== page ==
In every company each year they hire many new employees. Most companies have a new employee checklist and put them through a new employee induction of some sort. The sad truth is, many of these new employees just do not work out. Right from the outset I will say that generally the only ones to blame for that are the ones that hired them. If you as a manager are responsible for hiring new employees and they fail before or just on the 'honeymoon period' or the initial first three month probation period, then you screwed up. How?

First and foremost, you probably grabbed the first person that seemed a reasonable fit. I've done it many times. One case I can remember like it happened yesterday. My manager was putting pressure on me to get staff numbers up as quickly as possible or according to him, we would miss budget for the year. So, I put a hasty ad in the paper and all the usual methods in place. There was a guy in the telemarketing department that heard we were hiring sales people and he approached me and asked if he could get an interview for the position. We talked for over an hour about stuff and in the end I decided, what the heck, I'll hire him.. he seems OK. Bad decision! We had nothing but major issues with him as he turned out to be the office psychopath. He was very hard to get rid of as he threatened legal action if we ever sacked him.

Often times new employees have no or not enough of an induction as to how the company works, what the methods are and how they fit into the companies scheme of things. They have no direction. One guy that was recruited not by me this time, I found walking around the office looking lost. I asked him who he was and when he told me that the guy who hired him just told him to find a desk and get on with it, I was shocked. He was about to walk out when I found him as he was very disillusioned with the his first hour! He turned out to be one of our top guns in the end.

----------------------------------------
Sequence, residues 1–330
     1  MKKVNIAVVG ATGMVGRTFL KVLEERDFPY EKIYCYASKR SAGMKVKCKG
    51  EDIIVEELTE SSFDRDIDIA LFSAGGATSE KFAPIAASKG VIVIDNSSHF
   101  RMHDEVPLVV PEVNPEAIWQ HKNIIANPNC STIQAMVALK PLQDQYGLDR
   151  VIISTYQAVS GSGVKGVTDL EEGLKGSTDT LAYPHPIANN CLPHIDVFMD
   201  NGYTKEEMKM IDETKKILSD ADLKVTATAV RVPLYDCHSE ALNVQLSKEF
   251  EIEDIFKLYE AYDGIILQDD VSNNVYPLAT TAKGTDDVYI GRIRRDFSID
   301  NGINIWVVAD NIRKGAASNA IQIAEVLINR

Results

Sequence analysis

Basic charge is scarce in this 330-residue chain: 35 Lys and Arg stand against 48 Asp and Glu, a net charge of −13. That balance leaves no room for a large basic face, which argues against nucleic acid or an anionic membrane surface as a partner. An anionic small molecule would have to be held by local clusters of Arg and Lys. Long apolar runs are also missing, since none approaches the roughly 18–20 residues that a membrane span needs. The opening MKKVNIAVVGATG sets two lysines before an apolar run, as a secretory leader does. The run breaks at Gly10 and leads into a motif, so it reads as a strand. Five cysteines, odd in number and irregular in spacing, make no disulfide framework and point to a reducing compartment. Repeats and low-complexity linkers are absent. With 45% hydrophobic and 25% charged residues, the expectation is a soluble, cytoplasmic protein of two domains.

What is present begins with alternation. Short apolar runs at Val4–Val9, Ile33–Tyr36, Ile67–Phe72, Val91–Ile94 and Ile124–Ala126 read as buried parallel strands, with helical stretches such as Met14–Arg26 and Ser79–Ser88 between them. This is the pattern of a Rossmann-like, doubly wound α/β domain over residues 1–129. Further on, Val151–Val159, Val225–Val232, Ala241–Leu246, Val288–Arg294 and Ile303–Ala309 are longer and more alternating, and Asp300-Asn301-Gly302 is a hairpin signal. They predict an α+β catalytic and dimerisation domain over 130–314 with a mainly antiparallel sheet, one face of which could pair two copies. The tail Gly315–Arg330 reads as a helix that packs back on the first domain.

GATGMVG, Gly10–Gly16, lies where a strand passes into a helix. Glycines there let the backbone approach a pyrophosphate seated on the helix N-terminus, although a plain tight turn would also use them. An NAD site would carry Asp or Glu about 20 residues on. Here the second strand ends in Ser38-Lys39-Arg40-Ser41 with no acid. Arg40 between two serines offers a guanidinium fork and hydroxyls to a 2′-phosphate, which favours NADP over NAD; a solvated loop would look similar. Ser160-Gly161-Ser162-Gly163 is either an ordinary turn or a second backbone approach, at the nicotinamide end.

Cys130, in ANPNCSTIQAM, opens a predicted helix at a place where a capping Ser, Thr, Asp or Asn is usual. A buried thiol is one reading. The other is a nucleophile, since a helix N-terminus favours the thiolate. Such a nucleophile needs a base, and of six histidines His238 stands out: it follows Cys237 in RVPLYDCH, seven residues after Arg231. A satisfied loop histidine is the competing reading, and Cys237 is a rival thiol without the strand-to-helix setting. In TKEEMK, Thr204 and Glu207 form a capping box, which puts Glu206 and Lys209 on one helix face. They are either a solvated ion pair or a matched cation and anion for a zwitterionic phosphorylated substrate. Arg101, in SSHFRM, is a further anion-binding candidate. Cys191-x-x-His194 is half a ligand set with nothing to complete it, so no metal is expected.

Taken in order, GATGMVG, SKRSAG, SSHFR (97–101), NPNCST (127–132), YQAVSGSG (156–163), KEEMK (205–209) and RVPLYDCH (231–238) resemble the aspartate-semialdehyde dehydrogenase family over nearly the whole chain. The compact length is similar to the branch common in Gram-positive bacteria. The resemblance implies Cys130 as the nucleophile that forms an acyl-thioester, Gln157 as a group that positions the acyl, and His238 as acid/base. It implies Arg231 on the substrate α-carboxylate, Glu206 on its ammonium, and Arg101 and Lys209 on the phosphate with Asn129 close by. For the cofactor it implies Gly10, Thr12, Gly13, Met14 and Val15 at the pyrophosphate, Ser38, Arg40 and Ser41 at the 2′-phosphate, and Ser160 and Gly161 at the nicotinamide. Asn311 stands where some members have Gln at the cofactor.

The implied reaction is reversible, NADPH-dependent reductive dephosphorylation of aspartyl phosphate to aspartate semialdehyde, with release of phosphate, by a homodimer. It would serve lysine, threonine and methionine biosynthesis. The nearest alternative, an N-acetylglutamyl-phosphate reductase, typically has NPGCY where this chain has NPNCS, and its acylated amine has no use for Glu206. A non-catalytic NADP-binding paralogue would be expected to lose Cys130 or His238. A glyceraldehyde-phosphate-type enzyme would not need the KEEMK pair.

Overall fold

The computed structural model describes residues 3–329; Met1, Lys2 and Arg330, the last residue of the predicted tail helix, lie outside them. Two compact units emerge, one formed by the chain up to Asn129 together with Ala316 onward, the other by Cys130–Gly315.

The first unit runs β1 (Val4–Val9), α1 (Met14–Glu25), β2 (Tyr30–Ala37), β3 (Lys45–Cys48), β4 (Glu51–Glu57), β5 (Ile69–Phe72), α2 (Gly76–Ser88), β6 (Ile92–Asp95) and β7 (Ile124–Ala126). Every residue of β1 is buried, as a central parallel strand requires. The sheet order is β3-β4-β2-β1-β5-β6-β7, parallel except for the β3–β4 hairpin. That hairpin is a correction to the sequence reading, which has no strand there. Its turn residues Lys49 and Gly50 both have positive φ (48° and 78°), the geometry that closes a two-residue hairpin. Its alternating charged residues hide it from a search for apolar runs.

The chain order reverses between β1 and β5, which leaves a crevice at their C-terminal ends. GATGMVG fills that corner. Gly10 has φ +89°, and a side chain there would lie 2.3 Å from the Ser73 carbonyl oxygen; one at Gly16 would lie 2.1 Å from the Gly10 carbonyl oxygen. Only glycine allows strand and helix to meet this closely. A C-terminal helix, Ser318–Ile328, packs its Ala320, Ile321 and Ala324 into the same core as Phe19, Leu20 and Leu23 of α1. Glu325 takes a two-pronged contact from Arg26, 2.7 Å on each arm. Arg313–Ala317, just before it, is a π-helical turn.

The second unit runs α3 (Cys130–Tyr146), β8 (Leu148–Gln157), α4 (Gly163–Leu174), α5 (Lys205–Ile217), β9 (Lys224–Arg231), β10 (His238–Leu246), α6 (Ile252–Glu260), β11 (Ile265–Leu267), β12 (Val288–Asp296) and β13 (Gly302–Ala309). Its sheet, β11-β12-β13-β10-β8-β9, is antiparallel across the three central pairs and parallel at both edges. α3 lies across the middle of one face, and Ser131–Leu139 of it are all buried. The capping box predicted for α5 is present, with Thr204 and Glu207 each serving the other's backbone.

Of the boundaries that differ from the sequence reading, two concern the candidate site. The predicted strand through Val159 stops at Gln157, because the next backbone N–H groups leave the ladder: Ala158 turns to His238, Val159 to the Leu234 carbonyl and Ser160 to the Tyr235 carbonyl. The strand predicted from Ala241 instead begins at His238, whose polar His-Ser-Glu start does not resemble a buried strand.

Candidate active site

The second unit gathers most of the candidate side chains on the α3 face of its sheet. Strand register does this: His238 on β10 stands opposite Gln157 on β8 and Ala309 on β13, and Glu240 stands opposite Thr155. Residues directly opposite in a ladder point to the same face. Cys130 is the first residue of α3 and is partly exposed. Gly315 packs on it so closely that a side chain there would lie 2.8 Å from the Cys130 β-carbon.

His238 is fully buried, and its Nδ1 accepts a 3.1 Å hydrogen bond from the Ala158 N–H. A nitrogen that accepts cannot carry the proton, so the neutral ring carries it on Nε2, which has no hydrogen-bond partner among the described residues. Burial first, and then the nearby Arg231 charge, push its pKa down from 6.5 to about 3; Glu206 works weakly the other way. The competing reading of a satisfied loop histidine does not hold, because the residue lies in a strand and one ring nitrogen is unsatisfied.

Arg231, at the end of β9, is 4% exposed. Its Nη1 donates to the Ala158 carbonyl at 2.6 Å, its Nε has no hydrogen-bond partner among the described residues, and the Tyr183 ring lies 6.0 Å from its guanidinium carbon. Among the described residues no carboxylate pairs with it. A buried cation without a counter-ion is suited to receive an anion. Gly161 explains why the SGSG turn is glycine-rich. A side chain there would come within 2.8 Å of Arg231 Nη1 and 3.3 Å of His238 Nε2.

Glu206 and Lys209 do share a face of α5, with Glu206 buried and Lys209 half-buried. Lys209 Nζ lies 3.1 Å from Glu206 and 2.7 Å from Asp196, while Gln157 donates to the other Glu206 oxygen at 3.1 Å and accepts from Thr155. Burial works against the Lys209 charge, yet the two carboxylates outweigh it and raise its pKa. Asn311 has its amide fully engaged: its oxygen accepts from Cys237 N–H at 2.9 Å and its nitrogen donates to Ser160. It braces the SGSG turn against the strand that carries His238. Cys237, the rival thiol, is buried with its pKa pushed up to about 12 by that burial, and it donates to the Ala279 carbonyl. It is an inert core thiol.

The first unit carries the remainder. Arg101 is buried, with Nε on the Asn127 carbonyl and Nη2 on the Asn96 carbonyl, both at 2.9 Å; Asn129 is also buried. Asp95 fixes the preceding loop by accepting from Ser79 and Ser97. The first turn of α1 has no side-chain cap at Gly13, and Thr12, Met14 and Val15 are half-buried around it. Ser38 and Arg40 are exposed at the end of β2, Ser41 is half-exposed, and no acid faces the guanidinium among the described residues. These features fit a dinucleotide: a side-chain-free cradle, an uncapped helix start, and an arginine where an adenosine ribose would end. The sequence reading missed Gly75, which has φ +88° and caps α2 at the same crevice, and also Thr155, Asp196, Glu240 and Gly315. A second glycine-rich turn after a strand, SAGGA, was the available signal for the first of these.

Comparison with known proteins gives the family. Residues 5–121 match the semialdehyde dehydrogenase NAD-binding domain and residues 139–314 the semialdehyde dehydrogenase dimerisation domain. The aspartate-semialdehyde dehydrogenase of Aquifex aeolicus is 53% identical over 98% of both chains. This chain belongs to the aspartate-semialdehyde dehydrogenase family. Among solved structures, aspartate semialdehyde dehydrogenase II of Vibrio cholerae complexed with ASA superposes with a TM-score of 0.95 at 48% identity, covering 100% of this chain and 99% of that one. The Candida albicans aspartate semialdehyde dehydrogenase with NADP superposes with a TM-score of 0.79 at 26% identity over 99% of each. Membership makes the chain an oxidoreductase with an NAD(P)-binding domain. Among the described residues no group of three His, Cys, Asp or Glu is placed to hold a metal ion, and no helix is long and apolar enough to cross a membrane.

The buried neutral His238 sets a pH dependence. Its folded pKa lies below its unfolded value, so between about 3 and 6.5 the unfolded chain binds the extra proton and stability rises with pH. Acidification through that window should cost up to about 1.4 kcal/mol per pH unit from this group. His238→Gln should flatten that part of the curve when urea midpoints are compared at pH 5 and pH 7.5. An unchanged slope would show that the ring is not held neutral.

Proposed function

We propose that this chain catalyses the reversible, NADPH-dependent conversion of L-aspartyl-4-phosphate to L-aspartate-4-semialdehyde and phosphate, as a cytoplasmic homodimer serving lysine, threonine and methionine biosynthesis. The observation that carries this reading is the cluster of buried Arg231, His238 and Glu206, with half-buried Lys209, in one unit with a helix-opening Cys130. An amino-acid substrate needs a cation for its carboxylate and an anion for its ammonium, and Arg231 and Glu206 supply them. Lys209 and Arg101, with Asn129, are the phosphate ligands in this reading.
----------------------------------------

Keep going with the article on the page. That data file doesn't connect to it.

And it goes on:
The worst one in my mind is poor or no performance management for new employees. How are they going to know that what they're doing is correct and what's expected of them if they never hear it from you? A lot of managers just sack people like that instead of coaching them in the methods of the company.

Not far behind that last reason why it's usually a managers fault why so many new employees fail, is a change in boundaries. Meaning, you might have hired them for one position and then changed the role after they were hired. It's happened to me before. The humiliating thing about it is it's not usually changed to a better role, but for a lesser role. I think that is very rude and very humiliating for a new employee. Don't let it happen to anyone new that you have hired. It's unethical as well as in some places illegal.

Next time you have a position to fill, then start by making very clear what the role actually is and not make it up as you go. Then, be 100% clear on the type of person that would suit the role best and don't just hire someone because you like them. When you have found someone, make them feel welcome, put them through an employee induction and be clear what it is you expect from them, what their role is, how they can attain their goals, what the company policies are and so on. If they lose their way a little, coach them back. It's all part of your position as a manager.

It takes a lot of effort and time on your part when you have new employees under your wing. However, the rewards are immense if you succeed in keeping a good employee. If you coach and nurture one, it's far easier in the long run to do that than it is to keep hiring new employees all the time.

Author's Bio: 

My name is Andrew Bailey. I have been in various management roles for nearly 15 years. I have worked for small husband and wife companies to large telephony companies. For the last 3 years I’ve been operating a video editing company which I also own as well as doing some consulting work for a few businesses when the opportunities arise.